I think the twelve step ideas of "attraction rather than promotion", "principles before personalities" and "love and tolerance is our code" could go a long way in attracting people to the movement. Although I think I would replace "tolerance" with compassion, since I think that is more to the point. Present the facts in a non-hysterical way if people are interested, don't bait, get preachy or angry and let them decide for themselves. Be the healthiest, happiest vegan activist you can be. Advocate, don't discriminate. Although there is a place and a time for in-your-face protesting, I wonder sometimes if it is actually turning more people off than it is attracting people into the movement. One of the people who was my vegan role model is a dear friend of mine who is an activist and has been a vegan for over 17 years. She is the least preachy vegan I've ever met and an amazing person. She consistently inspired and encouraged me to try being vegan again no matter how many times I fell down...face first into a container of greek yogurt (she teases me about that now!). Her dedication and positive example made me want to be vegan even more.

And before I forget: my family has agreed to have our first ever vegetarian Thanksgiving!!! I am so stoked. Since 1994 I have had my tofurkey all by my lonesome while everyone else ate turkey, but this year we will all be sharing a big vegetarian Italian feast. I think they agreed because I said I would do most of the cooking! Whatever---it feels like a huge exciting victory to me! Even when I had my icky foray back into omnivorous eating, I never ate Thanksgiving turkey again after 1994. That Thanksgiving was my first vegan epiphany, so I am grateful to be able to celebrate this occasion meat-free with my family this year.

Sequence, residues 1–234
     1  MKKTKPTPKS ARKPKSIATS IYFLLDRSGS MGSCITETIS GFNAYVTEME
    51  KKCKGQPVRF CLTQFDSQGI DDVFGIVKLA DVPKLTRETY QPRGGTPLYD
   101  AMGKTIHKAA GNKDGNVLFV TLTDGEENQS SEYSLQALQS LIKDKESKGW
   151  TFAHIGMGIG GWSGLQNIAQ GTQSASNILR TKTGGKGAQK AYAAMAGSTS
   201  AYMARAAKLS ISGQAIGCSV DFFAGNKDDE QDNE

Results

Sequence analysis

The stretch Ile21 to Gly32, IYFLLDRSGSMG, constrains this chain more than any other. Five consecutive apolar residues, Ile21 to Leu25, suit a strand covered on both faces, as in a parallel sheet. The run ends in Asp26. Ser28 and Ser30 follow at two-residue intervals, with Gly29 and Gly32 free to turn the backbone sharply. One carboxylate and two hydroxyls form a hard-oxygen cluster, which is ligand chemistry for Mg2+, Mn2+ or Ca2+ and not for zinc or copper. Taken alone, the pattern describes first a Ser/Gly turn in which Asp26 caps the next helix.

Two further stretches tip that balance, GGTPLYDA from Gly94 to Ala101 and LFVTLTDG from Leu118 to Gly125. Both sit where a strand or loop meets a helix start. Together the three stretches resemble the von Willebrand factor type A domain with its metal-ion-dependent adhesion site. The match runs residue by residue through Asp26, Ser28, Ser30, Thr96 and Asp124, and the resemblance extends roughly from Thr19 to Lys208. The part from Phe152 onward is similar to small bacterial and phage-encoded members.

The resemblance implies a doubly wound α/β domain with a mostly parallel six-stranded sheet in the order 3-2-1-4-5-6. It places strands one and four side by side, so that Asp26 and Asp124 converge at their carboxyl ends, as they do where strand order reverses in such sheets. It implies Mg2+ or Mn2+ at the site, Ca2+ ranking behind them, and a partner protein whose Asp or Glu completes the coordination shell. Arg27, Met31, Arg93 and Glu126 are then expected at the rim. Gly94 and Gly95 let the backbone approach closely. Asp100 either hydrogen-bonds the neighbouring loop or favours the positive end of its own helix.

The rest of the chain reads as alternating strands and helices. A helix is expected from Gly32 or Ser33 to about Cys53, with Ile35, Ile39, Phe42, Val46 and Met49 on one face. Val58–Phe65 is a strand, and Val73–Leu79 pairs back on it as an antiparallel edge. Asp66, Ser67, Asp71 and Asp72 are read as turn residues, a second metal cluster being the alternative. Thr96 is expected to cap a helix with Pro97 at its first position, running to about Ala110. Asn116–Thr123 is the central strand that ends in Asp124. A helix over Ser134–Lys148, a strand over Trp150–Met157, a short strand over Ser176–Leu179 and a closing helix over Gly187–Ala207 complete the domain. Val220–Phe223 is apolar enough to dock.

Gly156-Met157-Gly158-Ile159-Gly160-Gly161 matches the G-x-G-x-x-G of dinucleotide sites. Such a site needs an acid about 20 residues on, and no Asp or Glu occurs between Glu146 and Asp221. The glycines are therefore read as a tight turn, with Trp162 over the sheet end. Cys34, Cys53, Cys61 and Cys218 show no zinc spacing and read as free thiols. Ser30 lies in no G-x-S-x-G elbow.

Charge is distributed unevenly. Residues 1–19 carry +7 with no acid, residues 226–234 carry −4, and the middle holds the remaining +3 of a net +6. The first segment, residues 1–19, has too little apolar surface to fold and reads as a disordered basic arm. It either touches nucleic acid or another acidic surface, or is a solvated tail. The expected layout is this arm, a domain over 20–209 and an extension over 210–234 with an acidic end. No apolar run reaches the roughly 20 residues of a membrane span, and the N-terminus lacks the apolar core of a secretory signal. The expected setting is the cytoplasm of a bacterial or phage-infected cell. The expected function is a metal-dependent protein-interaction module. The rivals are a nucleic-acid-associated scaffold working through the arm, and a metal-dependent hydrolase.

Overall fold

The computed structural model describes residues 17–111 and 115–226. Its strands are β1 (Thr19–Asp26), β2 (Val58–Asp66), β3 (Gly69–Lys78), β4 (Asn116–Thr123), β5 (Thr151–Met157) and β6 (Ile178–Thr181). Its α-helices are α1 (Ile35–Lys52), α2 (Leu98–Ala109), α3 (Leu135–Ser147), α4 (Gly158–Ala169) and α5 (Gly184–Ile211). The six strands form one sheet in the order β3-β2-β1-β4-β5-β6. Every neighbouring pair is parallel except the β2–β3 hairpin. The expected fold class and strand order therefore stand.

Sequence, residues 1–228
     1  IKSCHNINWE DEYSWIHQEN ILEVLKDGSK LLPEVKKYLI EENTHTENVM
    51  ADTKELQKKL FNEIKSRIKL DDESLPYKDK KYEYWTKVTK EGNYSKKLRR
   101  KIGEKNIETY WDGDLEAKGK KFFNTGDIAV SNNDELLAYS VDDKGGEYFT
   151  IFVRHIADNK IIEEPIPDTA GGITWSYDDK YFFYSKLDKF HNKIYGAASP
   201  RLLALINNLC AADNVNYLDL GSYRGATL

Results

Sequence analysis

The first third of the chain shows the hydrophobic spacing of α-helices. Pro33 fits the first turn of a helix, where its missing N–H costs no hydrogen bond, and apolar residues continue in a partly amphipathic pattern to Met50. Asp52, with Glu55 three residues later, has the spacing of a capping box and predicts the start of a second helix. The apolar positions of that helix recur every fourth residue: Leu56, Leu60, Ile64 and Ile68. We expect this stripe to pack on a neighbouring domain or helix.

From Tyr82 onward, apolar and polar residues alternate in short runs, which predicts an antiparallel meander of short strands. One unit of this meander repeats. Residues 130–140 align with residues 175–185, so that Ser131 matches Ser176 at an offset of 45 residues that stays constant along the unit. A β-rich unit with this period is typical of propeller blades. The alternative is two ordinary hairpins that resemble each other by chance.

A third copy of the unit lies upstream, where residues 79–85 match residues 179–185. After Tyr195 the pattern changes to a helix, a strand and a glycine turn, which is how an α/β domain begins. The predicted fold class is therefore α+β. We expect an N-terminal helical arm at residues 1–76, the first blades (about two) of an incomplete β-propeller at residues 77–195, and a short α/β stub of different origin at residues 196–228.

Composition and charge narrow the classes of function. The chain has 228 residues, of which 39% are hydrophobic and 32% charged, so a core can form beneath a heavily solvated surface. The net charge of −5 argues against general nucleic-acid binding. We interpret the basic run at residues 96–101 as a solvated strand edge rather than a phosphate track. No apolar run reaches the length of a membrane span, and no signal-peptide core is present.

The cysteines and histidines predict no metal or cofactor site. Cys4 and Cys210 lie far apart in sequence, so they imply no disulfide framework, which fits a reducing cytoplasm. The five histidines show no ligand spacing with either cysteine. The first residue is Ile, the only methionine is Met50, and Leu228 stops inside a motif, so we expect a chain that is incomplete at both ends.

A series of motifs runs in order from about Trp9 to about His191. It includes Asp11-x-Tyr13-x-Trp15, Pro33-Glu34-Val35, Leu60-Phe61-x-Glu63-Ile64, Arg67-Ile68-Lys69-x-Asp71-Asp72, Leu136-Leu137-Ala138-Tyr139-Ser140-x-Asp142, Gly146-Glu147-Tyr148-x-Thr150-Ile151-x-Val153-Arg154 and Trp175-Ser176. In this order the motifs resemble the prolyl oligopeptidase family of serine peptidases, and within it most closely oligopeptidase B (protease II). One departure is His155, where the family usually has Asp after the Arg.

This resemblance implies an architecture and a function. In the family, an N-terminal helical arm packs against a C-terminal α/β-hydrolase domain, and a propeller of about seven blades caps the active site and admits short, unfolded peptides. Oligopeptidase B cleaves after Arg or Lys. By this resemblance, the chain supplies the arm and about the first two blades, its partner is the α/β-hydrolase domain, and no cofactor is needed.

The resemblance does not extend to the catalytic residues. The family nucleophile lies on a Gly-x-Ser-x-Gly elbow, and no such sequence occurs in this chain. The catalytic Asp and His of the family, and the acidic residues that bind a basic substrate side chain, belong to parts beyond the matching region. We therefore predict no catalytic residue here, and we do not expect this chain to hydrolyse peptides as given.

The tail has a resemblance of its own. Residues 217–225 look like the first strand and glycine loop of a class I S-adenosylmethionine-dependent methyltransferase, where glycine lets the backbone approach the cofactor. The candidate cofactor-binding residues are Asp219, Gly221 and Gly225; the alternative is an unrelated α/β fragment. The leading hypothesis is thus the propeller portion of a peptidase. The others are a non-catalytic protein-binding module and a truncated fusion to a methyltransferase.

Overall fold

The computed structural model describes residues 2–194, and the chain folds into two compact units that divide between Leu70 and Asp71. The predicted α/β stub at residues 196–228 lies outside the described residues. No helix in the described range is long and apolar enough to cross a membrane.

Wednesday, November 10, 2010

Vegan Guide To Sephora, part one

The whole guide is coming soon, I swear! This is a personal pet project of mine, born out of the fact that I totally fracking love Sephora. I am such a girl.

I recently 100% veganized all of my cosmetics at Sephora and it was a very interesting experience. It also inadvertently ended up being an educational experience for me as well as for the awesome sales associate who was helping me (ironically also named Maria: we are legion, and we are taking over the world, bitches!). She didn't know what carmine was and looked like she was about to hurl when I told her that it was red pigment from crushed up beetles. Oh, and did I mention the potential neurotoxin part? I had heard this when I worked for Whole Foods, but I haven't found any information yet to substantiate that claim. I'm working on it, though! Research Science Girl to the rescue... anyway, Maria was awesome and I made sure to compliment her to Sephora. I am a firm believer in the Veganic Pay It Forward: if someone goes way out of their way to really help me find vegan stuff or food, I write a glowing letter to the company ASAP and mention the person by name. I love you, fellow vegans, but some of us are (for lack of a more delicate term) assholes. I've certainly been a hysterical vegan asshole in the past when I was frantically looking for vegan eats and there was nothing to be found but iceberg lettuce and blank stares of incomprehension. It's my karmic duty now to be the most joyful, kind, positive vegan I can be every single day. And it's certainly a hell of a lot more fun than being a dour, angry, jaded, judgemental bizatch.

But I digress. For now, the best bets are Urban Decay, Tarte, a foundation by DuWop and one lip balm by The Balm. I also know for sure that Fresh, Too Faced and LaVanilla also do not test on animals, nor does Benefit (I wrote and asked). I am working on getting vegan listings from them as well as other companies. I also wrote Sephora and asked if they had a list of cruelty-free companies/vegan products. Pretty sure they don't have it, but at least I can let them know that people are interested!